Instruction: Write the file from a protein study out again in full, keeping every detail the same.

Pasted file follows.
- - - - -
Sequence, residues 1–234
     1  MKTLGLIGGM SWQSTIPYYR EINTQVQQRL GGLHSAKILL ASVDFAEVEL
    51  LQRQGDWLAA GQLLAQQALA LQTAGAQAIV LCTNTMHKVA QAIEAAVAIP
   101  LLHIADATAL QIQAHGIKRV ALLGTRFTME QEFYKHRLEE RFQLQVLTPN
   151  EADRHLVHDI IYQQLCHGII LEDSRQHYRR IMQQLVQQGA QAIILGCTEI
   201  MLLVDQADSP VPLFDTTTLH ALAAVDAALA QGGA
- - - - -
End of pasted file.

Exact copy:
Sequence, residues 1–234
     1  MKTLGLIGGM SWQSTIPYYR EINTQVQQRL GGLHSAKILL ASVDFAEVEL
    51  LQRQGDWLAA GQLLAQQALA LQTAGAQAIV LCTNTMHKVA QAIEAAVAIP
   101  LLHIADATAL QIQAHGIKRV ALLGTRFTME QEFYKHRLEE RFQLQVLTPN
   151  EADRHLVHDI IYQQLCHGII LEDSRQHYRR IMQQLVQQGA QAIILGCTEI
   201  MLLVDQADSP VPLFDTTTLH ALAAVDAALA QGGA